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Monday, June 22, 2015

Trust and Communication

I just got back from a three and a half hour congregational meeting at our church.  There were a lot of exercised people there and they came prepared to speak to what was going on in the church.  Some quick background we have had three pastors in the church's 28 years.  We have been there for 18 of those years and have known, well, all three of the pastors.  Our leadership structure is called a leadership team for a specific reason about which I will not elaborate at this point.
Trust and Communication
For the past 16 months we have had a search committee looking for a new senior pastor.  In the past three weeks it has surfaced through a couple of letters from that team, as well as the meeting tonight that the leadership team has decided to take the church in a new direction.  Further it was announced that the founding pastor was being presented to the church as the new senior pastor.  He is to speak next weekend and then we are to vote as a congregation on the following Monday.

The confluence of changes did not go down well.  Especially to those in the body who do not know the founding pastor.  They felt like the team was forcing these changes down their throats.  Frankly, it did feel a bit like that.  The scenario reminded me of a maxim a football player involved in the Nav ministry at Western Kentucky University often said, “If you are not in on something, you are down on it.”  Many of the people in the congregation felt marginalized and excluded from a process that was going to, in their eyes, significantly impact the church they had come to love.  For them the perceived lack of communication broke trust.

First, being on that leadership team or search committee, is not – well let’s just say the pay is not worth the stress.  I know all of these people.  They are doing the absolute best they can with a whole heart.  But the challenge they faced and did not handle well was including those who had not gone through the process they had in a manner that would allow those to see their heart or the leading of God in the process.

The point in this is that there have been times in my life that the Lord has taken me through some lesson over a long time period.  It is difficult to communicate to one who has not experienced that with me what has transpired.  That is what happened tonight.  There is not an easy way to communicate how and why God has led you to someone who was not on that journey with you.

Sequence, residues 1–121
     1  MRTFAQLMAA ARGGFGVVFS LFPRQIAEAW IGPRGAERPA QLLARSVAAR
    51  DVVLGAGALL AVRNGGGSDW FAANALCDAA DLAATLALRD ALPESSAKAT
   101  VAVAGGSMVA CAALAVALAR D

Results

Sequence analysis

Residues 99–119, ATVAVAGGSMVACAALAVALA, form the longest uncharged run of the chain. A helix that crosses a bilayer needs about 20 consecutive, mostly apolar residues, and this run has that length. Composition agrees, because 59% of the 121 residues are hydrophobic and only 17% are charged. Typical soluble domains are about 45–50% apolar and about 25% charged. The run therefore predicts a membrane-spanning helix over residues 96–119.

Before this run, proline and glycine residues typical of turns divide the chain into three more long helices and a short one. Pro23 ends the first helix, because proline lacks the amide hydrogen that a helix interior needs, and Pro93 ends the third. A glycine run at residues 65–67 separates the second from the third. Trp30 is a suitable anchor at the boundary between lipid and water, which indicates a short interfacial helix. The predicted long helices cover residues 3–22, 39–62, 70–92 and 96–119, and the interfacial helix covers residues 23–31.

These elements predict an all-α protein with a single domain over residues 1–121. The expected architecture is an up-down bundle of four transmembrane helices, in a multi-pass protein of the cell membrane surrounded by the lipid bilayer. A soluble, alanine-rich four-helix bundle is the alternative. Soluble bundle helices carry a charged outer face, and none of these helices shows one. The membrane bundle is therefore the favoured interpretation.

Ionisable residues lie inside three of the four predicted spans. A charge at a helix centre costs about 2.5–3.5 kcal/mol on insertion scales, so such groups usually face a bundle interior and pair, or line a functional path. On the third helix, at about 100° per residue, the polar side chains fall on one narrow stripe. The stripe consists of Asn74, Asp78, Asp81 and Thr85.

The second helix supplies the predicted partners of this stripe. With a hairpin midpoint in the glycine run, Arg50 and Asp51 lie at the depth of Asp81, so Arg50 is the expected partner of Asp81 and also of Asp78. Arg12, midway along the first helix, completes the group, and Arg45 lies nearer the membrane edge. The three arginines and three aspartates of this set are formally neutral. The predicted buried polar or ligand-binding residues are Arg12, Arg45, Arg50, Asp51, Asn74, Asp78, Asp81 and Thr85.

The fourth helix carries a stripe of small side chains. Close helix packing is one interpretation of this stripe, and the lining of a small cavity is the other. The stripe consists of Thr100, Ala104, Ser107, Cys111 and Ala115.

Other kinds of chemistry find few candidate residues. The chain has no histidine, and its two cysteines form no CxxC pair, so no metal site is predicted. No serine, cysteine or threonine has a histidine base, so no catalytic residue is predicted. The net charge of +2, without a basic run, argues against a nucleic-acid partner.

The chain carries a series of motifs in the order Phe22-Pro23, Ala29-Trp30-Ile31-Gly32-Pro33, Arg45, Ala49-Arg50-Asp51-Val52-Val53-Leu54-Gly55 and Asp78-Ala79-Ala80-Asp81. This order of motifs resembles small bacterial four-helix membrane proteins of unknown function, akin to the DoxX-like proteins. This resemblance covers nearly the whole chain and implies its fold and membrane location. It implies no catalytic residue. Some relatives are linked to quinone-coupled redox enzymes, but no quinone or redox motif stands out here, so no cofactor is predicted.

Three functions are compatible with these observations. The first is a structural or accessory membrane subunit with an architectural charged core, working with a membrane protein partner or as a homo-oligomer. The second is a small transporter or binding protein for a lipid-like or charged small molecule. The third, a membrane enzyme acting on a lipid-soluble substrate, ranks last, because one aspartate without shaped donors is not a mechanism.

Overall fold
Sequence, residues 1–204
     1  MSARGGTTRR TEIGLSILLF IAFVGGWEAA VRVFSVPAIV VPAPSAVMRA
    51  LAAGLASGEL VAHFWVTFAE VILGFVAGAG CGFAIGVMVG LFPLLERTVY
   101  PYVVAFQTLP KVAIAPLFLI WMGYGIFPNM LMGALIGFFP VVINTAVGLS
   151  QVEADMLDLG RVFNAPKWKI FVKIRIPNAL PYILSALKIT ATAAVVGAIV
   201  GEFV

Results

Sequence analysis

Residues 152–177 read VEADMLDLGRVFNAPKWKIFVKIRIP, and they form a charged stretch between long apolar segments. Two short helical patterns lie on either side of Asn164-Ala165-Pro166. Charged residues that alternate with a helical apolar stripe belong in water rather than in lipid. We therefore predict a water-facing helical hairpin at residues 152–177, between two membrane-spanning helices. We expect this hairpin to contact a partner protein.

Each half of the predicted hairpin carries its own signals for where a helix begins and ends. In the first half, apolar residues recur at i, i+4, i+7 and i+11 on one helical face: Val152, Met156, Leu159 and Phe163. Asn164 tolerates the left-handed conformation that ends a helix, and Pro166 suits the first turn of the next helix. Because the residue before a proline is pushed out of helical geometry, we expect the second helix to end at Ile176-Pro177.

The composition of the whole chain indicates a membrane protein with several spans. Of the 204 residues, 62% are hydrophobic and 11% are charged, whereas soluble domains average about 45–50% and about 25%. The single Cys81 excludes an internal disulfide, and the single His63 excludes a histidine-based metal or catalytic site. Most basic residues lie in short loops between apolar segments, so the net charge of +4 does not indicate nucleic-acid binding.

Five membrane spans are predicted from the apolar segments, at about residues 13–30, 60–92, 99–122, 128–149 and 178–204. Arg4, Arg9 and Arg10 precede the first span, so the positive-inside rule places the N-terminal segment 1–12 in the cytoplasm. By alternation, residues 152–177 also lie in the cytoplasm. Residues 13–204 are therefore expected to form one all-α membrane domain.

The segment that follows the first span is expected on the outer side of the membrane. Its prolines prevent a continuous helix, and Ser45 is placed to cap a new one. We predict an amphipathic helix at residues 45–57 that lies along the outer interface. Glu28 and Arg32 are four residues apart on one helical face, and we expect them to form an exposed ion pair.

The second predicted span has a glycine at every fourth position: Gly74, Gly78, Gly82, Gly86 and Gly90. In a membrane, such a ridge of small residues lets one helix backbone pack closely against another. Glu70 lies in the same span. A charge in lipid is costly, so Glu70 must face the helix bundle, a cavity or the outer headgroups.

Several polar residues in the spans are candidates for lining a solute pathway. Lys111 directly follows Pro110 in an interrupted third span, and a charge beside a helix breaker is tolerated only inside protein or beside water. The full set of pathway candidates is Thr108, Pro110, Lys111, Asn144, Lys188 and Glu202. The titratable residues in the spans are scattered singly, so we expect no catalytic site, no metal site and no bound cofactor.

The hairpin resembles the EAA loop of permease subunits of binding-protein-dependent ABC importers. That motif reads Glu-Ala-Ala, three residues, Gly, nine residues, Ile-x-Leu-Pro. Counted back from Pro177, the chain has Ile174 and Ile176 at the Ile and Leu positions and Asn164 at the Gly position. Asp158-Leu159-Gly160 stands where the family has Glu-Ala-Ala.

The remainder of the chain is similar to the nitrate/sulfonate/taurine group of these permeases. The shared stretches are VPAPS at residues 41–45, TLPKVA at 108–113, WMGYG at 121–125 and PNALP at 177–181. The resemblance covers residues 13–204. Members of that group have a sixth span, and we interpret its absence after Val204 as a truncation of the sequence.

It was a learning experience for all involved.

2 comments:

  1. I certainly can relate to this matter. I've been on a search committee at a church and am now a part of a leadership team with the Navs in my country. I have also learnt the importance of building trust and value of clear communication. Being wired as ESTJ (Myers-Briggs), I tend to overlook other types of people, mostly those on the opposite side, for feelings oriented. What helps me to build trust and take time -- an Africaan proverb, "If you want to go fast, go alone. If you want to go far, go together."

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  2. Mike, thank you for sharing your insight. I think you identified accurately how some people were feeling during the meeting. Also, some of the answers give to to congregation members' questions were helpful, patient & the tone was kind. However at least one LT response came off as condescending / patronizing with a litt scolding thrown in for good measure, just to be sure we knew what we could & could NOT do. That response was NOT helpful for building good will and trust between members and the LT. Just my opinion.
    Konstantin, I will remember the proverb I find that very helpful!

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